Proto Actor - Ultra fast distributed actors for Golang and C#
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Cross platform actors

Introducing cross platform actor support between Go and C#.

Can I use this? The Go implementation is still in beta, there are users using Proto Actor for Go in production already. But be aware that the API might change over time until 1.0.

Sourcecode - Go

This is the Go repository for Proto Actor.

The C# implementation can be found here https://github.com/AsynkronIT/protoactor-dotnet

Design principles:

Minimalistic API - The API should be small and easy to use. Avoid enterprisey JVM like containers and configurations.

Build on existing technologies - There are already a lot of great tech for e.g. networking and clustering, build on those. e.g. gRPC streams for networking, Consul.IO for clustering.

Pass data, not objects - Serialization is an explicit concern, don't try to hide it. Protobuf all the way.

Be fast - Do not trade performance for magic API trickery.

Ultra fast remoting, Proto Actor currently manages to pass over two million messages per second between nodes using only two actors, while still preserving message order! This is six times more the new super advanced UDP based Artery transport for Scala Akka, and 30 times faster than Akka.NET.

:> node1.exe
2016/12/02 14:30:09 50000
2016/12/02 14:30:09 100000
2016/12/02 14:30:09 150000
... snip ...
2016/12/02 14:30:09 900000
2016/12/02 14:30:09 950000
2016/12/02 14:30:10 1000000
2016/12/02 14:30:10 Elapsed 999.9985ms
2016/12/02 14:30:10 Msg per sec 2000003 <--

History

As the creator of the Akka.NET project, I have come to some distinct conclusions while being involved in that project. In Akka.NET we created our own thread pool, our own networking layer, our own serialization support, our own configuration support etc. etc. This was all fun and challenging, it is however now my firm opinion that this is the wrong way to go about things.

If possible, software should be composed, not built, only add code to glue existing pieces together. This yields a much better time to market, and allows us to focus on solving the actual problem at hand, in this case concurrency and distributed programming.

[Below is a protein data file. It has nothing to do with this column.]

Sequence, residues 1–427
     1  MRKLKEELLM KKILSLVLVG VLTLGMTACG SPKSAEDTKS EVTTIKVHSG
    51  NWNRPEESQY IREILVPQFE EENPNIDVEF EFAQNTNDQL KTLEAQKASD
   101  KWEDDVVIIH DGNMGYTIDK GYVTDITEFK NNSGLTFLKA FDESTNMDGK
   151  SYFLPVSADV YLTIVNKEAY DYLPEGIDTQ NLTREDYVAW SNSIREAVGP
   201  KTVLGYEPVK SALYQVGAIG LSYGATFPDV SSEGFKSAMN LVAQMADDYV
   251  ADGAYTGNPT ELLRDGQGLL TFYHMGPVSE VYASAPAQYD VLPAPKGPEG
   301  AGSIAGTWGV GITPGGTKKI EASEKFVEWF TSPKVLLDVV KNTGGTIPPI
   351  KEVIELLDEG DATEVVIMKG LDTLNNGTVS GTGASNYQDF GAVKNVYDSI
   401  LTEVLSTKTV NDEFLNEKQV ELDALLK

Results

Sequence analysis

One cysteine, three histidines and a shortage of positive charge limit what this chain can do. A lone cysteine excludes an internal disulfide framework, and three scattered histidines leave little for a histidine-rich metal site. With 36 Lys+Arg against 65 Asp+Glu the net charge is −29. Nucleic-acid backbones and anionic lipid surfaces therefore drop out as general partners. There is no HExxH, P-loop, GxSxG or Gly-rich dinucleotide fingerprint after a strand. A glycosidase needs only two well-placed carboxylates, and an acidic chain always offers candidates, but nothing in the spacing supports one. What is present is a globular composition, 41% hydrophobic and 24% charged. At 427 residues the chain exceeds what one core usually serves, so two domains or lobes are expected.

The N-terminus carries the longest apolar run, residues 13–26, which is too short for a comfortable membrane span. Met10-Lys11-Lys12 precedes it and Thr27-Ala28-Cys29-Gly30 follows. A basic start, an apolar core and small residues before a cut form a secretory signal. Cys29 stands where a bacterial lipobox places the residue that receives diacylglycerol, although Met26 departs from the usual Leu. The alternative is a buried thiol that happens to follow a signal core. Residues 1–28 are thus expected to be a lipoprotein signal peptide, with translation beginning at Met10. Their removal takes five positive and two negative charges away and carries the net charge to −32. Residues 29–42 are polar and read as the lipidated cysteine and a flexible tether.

Proto Actor builds on existing technologies, Protobuf for serialization, gRPC streams for network transport. This ensures cross platform compatibility, network protocol version tolerance and battle proven stability.

Another extremely important factor here is business agility and having an exit strategy. By being cross platform, your organization is no longer tied into a specific platform, if you are migrating from .NET to Go, This can be done while still allowing actor based services to communicate between platforms.

Reinvent by not reinventing.


Why Actors

batman

  • Decoupled Concurrency
  • Distributed by default
  • Fault tolerance

For a more indepth description of the differences, see this thread Actors vs. CSP

Building

You need to ensure that your $GOPATH variable is properly set.

Next, install the standard protocol buffer implementation and run the following commands to get all the neccessary tooling:

go get github.com/gogo/protobuf/proto
go get github.com/gogo/protobuf/protoc-gen-gogo
go get github.com/gogo/protobuf/gogoproto
go get github.com/gogo/protobuf/protoc-gen-gofast
go get google.golang.org/grpc
go get github.com/gogo/protobuf/protoc-gen-gogofast
go get github.com/gogo/protobuf/protoc-gen-gogofaster
go get github.com/gogo/protobuf/protoc-gen-gogoslick
go get github.com/Workiva/go-datastructures/queue
go get github.com/emirpasic/gods/stacks/linkedliststack
go get github.com/orcaman/concurrent-map
go get github.com/AsynkronIT/gonet
go get github.com/hashicorp/consul/api
go get github.com/AsynkronIT/goconsole
go get github.com/emirpasic/gods/sets/hashset
go get github.com/serialx/hashring
go get github.com/couchbase/gocb

Finally, run the make tool in the package's root to generate the protobuf definitions and build the packages.

Windows users can use Cygwin to run make: www.cygwin.com

Hello world

type Hello struct{ Who string }
type HelloActor struct{}

func (state *HelloActor) Receive(context actor.Context) {
    switch msg := context.Message().(type) {
    case Hello:
        fmt.Printf("Hello %v\n", msg.Who)
    }
}

func main() {
    props := actor.FromInstance(&HelloActor{})
    pid := actor.Spawn(props)
    pid.Tell(Hello{Who: "Roger"})
    console.ReadLine()
}

State machines / SetBehavior, PushBehavior and PopBehavior

type Hello struct{ Who string }
type SetBehaviorActor struct{}

func (state *SetBehaviorActor) Receive(context actor.Context) {
    switch msg := context.Message().(type) {
    case Hello:
        fmt.Printf("Hello %v\n", msg.Who)
        context.SetBehavior(state.Other)
    }
}

func (state *SetBehaviorActor) Other(context actor.Context) {
    switch msg := context.Message().(type) {
    case Hello: